Recording “Sweet Home Alabama” During the Civil Rights Movement
In honor of the release of 20 Feet from Stardom, a documentary about backup singers that comes out in NYC and LA tonight, Fader sheds some light on how new recording methods are leading to the disappearance of this already-hidden world:
“I did an interview with producer Paul Epworth [who’s worked with Florence and the Machine, Paul McCartney, Azealia Banks, Bloc Party],” Neville recalled. “And he said, ‘I’ve never hired a professional backup singer in my life. When Adele did “Rolling in the Deep” she sent me a hard drive of 60 takes of her doing all the back-up vocals.’”
In the piece there’s also a great little interview with Merry Clayton, the industry veteran whose voice you might recognize from the “rape, murder” part in the Rolling Stones’ “Gimme Shelter” (there’s an isolated vocal track of her and Jagger on that song in the article!). Clayton calls Ray Charles a “taskmaster,” talks about her standing 6:30 AM prayer meeting with other women in the back-up singer community, and discusses recording “Sweet Home Alabama” during the civil rights movement:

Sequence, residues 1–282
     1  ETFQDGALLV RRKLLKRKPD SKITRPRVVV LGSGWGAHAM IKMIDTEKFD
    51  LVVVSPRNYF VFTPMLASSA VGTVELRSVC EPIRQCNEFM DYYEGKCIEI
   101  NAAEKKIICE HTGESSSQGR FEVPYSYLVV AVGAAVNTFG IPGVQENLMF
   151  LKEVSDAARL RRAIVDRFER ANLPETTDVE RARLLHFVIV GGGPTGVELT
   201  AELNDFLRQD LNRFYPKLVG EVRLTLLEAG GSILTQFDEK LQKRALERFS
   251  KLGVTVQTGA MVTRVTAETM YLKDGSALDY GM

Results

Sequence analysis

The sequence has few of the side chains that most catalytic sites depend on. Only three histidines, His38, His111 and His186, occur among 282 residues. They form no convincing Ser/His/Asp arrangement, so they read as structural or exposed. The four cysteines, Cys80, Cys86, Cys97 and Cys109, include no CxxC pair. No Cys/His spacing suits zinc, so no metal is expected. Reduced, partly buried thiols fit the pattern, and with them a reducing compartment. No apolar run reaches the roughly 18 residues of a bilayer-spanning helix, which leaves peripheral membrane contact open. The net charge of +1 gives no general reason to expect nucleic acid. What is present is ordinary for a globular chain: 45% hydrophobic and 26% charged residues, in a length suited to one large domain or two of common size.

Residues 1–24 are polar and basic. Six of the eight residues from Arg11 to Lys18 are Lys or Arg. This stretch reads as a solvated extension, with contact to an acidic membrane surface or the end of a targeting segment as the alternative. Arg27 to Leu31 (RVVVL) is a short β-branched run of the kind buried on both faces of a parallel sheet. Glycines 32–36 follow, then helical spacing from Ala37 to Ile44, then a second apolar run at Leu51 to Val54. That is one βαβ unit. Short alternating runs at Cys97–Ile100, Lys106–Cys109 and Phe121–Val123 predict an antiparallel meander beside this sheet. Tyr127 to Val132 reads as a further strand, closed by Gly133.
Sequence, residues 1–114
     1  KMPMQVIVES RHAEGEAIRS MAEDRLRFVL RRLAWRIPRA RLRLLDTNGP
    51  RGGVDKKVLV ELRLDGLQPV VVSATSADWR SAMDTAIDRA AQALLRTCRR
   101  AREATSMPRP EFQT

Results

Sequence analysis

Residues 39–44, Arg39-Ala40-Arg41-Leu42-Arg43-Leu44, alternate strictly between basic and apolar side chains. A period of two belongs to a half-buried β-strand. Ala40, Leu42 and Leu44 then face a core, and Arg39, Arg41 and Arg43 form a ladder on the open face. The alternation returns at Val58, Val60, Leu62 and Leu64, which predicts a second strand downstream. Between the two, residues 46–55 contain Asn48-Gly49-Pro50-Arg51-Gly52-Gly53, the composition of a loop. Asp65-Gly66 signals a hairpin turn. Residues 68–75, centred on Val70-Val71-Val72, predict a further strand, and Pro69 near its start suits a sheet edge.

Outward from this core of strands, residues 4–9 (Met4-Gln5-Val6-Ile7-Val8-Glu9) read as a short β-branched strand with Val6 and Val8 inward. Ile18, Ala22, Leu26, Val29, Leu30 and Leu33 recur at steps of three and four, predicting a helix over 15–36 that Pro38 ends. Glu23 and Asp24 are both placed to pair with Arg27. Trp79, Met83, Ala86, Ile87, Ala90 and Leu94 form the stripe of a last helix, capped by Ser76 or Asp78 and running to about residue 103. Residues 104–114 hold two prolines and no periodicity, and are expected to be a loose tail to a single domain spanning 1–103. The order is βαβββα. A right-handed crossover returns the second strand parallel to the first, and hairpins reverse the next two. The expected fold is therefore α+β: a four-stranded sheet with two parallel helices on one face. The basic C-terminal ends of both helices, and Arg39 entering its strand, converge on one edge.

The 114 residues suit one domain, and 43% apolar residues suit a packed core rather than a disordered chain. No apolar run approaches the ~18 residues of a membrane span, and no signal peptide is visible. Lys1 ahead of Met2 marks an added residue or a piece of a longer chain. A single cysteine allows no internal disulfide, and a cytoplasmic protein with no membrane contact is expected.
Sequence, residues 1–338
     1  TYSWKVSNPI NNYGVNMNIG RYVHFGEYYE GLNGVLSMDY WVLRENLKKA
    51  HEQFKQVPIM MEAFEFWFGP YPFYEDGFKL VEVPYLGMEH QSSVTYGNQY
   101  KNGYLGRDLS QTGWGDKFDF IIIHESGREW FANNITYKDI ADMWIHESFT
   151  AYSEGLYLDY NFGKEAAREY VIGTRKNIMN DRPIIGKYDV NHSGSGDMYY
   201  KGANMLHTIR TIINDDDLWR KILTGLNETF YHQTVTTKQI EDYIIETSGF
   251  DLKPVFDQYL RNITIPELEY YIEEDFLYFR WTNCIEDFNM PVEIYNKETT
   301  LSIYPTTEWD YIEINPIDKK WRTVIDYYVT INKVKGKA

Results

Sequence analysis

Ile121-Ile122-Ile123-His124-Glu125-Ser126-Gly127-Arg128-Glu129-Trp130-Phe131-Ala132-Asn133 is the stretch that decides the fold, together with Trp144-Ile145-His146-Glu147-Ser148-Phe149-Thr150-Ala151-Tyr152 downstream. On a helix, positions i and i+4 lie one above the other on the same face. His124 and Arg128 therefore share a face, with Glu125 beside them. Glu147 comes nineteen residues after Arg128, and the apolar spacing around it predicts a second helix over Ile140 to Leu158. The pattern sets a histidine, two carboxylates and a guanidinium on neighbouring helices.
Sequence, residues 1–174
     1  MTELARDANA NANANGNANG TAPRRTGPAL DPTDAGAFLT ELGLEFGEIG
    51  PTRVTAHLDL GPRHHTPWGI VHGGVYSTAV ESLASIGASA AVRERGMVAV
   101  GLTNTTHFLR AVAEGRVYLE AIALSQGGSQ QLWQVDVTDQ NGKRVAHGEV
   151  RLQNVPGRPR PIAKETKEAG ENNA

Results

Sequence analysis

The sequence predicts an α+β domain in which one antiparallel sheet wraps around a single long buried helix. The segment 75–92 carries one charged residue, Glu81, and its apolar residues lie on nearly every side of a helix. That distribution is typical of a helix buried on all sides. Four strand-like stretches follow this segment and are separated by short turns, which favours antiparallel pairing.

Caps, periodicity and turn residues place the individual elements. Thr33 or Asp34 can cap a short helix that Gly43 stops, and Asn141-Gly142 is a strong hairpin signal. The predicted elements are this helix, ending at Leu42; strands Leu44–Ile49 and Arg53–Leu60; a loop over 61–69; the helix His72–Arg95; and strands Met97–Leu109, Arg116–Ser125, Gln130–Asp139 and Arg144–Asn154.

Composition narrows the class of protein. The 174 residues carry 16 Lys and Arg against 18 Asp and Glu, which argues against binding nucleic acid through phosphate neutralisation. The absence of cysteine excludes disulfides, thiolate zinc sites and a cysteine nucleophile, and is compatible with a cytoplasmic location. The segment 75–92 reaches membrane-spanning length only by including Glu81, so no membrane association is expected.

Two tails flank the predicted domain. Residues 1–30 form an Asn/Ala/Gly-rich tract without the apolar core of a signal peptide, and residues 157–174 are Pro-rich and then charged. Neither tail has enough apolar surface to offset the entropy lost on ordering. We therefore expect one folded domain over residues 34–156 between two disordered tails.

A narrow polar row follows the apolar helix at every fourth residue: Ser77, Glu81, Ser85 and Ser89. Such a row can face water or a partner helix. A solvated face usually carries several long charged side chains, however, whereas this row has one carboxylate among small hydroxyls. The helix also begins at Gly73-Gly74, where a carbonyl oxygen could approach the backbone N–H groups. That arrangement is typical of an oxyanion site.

When your people are having dogs sent on them and being killed, maimed, and hung, you don’t want to sing “Sweet Home Alabama”… But I had a platform to protest. I was upset, I was hurt, I was angry and there was nothing I could do about it. But I had the music.
And now I shall spend the rest of the weekend down a rabbit hole of thinking about famous singers who did back-up on famous songs. Check out this thread if you’re interested: tidbits include Mick Jagger on “You’re So Vain,” Sting on “Money for Nothing,” Dolly Parton on Faith Hill’s “Breathe,” Bruce Springsteen on Lou Reed’s “Street Hassle,” Cher on the Righteous Brothers’ “You’ve Lost That Loving Feeling,” and Trent Reznor on Tori Amos’s “Past the Mission.”